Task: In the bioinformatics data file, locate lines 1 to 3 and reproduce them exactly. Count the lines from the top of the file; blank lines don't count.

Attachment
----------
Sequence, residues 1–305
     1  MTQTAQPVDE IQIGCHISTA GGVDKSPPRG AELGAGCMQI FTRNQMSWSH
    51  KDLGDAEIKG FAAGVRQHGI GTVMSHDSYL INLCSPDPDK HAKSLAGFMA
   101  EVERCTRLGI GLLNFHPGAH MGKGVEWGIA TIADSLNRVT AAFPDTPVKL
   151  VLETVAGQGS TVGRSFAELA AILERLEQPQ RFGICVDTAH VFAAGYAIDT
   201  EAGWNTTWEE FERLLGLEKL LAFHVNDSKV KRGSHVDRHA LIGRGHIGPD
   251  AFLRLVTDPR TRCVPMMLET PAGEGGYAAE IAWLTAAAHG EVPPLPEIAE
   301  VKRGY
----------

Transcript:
Sequence, residues 1–305
     1  MTQTAQPVDE IQIGCHISTA GGVDKSPPRG AELGAGCMQI FTRNQMSWSH
    51  KDLGDAEIKG FAAGVRQHGI GTVMSHDSYL INLCSPDPDK HAKSLAGFMA